Getting Back To Basics
The basics I mean are those of simple, socialist principles. Those principles were once the basis of the now-seemingly-defunct Working Class Movement.
The foremost of those principles was “From each according to his means, to each according to his needs”. That principle guided Nye Bevan and his companions to set up the original Welfare State.
Now, though, Wales may have set the example of how to return to those fundamental ideals.
Down at the Unity mine, at Cwmgwrach, Neath, the lads have decided to share shifts to give work to their mates as well as themselves. For some reason (the usual word used by management is “economics”), the pit management claim that there’s only work for sixty-six men, though two-hundred-and-twenty are employed at the moment.
The miners’ share-plan would mean a drop in wages for all of them – perhaps down to a quarter of what they earn now.
That plan would also help the pit to remain open, I’m told.
We must praise those miners; and add them to the working-class history which we need – oh, how much we need – to teach our loved ones.
As Quick As A Flash-Flood
You may remember that five-hundred homes up in St. Asaph were flooded when Afon Elwy burst its banks last year.
That was in November. And now, nine months later, work has begun to sort the river itself, so that water will drain faster.
There’s a rumour that the work will cost five-million pounds. So what: we are talking about people’s homes, and our Welsh communities here.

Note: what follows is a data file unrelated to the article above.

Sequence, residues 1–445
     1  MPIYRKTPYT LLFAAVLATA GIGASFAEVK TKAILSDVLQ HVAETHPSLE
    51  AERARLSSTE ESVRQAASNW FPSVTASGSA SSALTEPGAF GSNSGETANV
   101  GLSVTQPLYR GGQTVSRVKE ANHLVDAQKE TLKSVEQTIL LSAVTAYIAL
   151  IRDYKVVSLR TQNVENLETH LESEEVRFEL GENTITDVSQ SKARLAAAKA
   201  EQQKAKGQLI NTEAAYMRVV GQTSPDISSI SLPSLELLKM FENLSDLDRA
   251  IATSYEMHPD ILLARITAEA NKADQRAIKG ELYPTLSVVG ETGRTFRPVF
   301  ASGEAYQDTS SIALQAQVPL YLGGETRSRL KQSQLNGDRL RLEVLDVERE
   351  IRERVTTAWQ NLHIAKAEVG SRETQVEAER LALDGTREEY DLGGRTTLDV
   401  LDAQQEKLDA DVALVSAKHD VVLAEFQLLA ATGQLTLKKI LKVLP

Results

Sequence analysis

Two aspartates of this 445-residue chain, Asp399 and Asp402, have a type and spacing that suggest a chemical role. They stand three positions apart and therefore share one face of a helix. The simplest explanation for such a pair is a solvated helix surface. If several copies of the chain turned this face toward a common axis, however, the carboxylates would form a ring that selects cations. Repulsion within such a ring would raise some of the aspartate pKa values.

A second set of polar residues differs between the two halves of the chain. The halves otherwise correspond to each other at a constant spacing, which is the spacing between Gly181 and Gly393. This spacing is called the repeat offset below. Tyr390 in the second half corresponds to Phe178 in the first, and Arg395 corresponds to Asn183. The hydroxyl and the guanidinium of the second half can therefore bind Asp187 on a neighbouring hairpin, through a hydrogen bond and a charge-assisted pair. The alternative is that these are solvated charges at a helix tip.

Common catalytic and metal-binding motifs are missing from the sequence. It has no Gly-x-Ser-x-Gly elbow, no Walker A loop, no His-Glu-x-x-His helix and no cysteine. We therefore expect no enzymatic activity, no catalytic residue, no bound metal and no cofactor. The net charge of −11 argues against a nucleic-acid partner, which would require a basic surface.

If there was an invasion by the USA and the UK of Syria or some other far-away land, the money would be found for the weaponry, and no particular comment would be seen in the Media.
Perhaps we should ensure our governments – Cardiff and Wasteminster – get their priorities in order.
Yes, I know there’s a massive doggie-doo problem throughout Wales. Everywhere I go, it’s the same: irresponsible dog-owners do not clear up after their “little darlings”.
But now, these stupid people are showing a lot more irresponsibility than that.
Recently, down in Mountain Ash, a great big St. Bernard had to be rescued from an empty house by the RSPCA. It took half-a-dozen people to carry the animal from the house.
Why was it there? Well, it seems that there’s a nationwide tendency to simply leave pets behind when moving house. The “excuse” seems to be that the idiots moving to a new home have chosen one where their pets would not “fit in”.
My dog is my friend, not a pet. And to abandon any animal which has joined one’s family and which depends on that family for its security is immoral.
Let us impress that on our neighbours. Let us try to make them understand their responsibilities.
But the good news is that a lifeboat-crew up in Flintshire has rescued a dolphin which was stranded on a local sandbank.
Most of us, I guess, are caring folk.